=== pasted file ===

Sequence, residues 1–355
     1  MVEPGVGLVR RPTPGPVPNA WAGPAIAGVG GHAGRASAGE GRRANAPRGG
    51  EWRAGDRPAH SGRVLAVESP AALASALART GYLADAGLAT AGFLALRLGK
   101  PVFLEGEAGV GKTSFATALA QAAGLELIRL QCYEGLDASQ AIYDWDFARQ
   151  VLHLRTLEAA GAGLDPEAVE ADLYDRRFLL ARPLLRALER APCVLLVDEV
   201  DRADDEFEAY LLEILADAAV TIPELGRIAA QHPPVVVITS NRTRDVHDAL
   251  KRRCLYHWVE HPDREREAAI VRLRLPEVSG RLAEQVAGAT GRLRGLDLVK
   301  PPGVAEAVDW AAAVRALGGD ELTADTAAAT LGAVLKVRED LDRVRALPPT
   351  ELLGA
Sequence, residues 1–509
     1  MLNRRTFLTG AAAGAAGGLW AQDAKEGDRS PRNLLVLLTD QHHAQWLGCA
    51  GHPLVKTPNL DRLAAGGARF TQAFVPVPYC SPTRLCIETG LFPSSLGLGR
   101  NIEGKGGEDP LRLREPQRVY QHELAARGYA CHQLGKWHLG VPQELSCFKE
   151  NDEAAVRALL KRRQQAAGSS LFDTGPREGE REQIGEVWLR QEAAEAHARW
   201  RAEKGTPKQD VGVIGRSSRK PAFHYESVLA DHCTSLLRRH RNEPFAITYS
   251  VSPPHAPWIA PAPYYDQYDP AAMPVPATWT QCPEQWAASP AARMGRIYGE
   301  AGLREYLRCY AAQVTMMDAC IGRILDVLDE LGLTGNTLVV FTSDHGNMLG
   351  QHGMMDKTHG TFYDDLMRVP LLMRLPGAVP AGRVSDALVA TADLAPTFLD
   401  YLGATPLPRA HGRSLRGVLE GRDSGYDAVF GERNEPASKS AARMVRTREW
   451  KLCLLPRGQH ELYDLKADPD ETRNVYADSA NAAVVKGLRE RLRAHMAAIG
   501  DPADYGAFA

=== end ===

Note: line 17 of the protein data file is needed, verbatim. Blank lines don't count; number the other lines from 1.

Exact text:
   301  AGLREYLRCY AAQVTMMDAC IGRILDVLDE LGLTGNTLVV FTSDHGNMLG